All of these sheds sell for less than $5,000, and most are under $3,000. You'd have to add insulation and then cover it with drywall or paneling, but that's cheap to do. Put down some cinder or concrete blocks for a base, add an old fashioned wood stove that serves as both something to cook on and a fireplace to keep you warm, and you've got a cabin Daniel Boone would be proud to live in. You could run a water line in for a bathroom and sink, or if you live in the country you could also dig a well and put up an outhouse. For electricity you could go solar. Solar panels are very cheap right now.
TINY HOUSES FOR THE HOMELESS. We could build tiny homes for the homeless using these sheds for around $5,000 that would be permanent structures they could live in for life if necessary. I bet your church or other civic organization would be willing to build one or two. Doesn't every city have a little bit of land that isn't being used that could be donated as well? How about we house the homeless in these tiny houses and let them pay us back a little at a time? Even $50 per month would pay off one of these dwellings in just five years! Anybody with a part-time job could own one of these. But we've got to get the city(s) to ease up on these housing codes to do it. Having to put a house on wheels to skirt laws is ridiculous. Wouldn't this be better than the constant cycle of people throwing up tents and boxes just to be torn down and having to start over in another part of town? Plus this would give them a regular residence with a mailbox and possibly a phone (cell anyway), and that would go a long way toward helping them find a job.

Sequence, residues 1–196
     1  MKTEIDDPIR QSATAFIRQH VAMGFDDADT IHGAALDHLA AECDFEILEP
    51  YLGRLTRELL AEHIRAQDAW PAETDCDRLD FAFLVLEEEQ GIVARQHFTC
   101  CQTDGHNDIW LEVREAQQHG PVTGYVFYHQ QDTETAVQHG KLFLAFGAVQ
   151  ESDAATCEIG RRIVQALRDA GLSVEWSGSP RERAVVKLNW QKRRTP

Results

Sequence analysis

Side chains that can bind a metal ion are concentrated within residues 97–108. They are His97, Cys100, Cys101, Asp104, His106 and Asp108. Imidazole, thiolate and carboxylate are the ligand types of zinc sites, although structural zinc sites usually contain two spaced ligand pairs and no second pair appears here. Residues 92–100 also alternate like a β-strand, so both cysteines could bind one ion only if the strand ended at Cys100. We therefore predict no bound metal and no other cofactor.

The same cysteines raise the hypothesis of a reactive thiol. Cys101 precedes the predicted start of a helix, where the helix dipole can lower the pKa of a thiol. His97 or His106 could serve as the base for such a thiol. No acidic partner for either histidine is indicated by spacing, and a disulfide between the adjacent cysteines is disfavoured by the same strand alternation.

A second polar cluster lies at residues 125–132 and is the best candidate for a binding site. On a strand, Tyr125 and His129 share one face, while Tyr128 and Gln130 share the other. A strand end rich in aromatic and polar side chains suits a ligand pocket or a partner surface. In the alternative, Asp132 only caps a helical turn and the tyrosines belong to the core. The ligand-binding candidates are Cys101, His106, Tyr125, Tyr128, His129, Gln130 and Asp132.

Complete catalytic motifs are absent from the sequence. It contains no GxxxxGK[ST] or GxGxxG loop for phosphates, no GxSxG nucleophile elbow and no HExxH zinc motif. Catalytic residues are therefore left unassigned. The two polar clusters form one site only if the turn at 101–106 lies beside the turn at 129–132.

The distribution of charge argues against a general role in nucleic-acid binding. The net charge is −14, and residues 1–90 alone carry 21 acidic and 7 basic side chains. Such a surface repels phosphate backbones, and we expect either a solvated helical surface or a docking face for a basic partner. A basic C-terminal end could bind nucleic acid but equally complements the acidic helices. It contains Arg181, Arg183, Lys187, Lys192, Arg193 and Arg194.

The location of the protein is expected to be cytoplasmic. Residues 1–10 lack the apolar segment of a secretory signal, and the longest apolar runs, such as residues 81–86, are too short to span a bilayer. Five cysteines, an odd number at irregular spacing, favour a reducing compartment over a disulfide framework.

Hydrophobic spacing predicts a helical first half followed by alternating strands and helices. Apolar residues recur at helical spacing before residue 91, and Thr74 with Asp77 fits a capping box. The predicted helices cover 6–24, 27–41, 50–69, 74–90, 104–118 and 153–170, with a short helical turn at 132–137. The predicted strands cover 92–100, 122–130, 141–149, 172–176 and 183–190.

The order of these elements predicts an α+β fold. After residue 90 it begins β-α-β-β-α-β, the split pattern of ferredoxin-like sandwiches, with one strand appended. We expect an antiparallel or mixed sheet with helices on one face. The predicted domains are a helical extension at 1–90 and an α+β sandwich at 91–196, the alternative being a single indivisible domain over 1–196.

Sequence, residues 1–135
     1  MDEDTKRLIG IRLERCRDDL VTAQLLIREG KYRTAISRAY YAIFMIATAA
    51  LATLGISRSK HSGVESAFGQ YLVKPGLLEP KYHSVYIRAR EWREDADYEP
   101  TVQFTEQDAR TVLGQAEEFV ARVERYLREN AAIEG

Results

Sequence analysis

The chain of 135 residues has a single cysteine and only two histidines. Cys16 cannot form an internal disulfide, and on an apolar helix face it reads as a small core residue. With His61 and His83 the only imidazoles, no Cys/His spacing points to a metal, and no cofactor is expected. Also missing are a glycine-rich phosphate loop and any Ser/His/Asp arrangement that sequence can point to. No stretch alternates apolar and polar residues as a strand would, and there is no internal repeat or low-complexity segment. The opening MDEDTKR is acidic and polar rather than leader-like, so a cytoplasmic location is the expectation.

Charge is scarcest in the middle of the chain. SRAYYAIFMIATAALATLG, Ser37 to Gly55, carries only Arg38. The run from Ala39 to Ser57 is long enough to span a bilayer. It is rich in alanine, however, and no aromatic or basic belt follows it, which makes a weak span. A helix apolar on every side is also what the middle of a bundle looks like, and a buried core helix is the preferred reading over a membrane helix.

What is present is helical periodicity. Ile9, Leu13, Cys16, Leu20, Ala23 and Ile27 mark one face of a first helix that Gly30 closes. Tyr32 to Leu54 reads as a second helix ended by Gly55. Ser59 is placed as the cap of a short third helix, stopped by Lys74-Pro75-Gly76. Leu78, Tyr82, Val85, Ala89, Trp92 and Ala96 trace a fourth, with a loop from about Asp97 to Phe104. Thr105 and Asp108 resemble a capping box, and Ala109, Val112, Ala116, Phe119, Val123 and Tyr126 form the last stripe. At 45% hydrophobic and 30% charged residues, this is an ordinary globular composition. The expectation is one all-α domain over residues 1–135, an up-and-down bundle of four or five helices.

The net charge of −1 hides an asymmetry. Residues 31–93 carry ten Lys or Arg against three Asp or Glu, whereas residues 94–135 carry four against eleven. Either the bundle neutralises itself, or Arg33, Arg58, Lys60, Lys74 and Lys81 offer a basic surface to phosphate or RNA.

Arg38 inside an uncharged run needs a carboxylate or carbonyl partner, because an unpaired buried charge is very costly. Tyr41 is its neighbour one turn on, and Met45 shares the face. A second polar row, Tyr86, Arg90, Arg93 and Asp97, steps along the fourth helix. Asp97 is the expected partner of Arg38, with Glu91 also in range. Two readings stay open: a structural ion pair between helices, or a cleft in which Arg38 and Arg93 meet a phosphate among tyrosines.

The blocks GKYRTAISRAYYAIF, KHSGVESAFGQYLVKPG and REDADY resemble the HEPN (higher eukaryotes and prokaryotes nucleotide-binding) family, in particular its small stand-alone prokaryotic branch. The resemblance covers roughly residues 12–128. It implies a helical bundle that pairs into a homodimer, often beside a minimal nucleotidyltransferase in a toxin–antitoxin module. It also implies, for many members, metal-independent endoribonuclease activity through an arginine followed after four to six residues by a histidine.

Beyond that, aren't you just a little bit sick of the government telling you how to live and what you can or can't do on your own property?